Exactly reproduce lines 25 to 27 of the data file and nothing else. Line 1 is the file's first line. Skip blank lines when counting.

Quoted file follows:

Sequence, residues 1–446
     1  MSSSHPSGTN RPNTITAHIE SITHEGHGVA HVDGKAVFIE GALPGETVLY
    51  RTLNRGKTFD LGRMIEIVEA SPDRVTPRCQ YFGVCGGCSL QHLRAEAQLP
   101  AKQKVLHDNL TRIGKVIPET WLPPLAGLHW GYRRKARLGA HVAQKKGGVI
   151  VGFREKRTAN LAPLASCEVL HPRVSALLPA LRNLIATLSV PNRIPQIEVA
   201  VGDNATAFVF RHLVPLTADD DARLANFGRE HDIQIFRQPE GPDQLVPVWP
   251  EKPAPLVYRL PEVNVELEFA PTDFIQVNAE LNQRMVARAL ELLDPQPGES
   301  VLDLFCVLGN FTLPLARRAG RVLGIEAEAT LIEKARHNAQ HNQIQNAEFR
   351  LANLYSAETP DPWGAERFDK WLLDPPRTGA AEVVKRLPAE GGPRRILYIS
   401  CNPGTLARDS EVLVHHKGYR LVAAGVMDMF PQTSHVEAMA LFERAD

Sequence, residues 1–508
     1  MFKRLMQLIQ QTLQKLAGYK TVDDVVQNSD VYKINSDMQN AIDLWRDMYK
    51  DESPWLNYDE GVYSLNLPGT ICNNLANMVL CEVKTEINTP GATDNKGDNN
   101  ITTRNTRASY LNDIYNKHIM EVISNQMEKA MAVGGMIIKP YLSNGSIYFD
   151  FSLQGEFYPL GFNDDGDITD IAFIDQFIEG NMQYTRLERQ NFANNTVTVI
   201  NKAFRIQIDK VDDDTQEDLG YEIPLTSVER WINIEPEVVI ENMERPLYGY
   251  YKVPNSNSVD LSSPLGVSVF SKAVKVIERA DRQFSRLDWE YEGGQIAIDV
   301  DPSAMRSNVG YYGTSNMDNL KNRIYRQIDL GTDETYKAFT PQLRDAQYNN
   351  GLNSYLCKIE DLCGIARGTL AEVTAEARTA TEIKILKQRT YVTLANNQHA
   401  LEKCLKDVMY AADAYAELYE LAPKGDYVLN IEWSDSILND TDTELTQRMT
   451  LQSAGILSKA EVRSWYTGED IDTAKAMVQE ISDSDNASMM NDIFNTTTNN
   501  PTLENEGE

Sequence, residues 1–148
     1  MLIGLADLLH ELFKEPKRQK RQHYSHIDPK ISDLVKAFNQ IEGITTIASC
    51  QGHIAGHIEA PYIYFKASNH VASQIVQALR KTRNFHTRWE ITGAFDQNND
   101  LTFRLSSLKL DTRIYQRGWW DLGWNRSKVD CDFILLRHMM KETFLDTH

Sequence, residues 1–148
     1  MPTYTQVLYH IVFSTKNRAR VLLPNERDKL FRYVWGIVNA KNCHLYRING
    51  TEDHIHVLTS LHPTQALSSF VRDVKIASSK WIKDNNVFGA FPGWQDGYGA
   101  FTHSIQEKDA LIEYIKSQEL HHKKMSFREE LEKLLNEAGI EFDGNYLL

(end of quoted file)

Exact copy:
    51  QGHIAGHIEA PYIYFKASNH VASQIVQALR KTRNFHTRWE ITGAFDQNND
   101  LTFRLSSLKL DTRIYQRGWW DLGWNRSKVD CDFILLRHMM KETFLDTH

Sequence, residues 1–148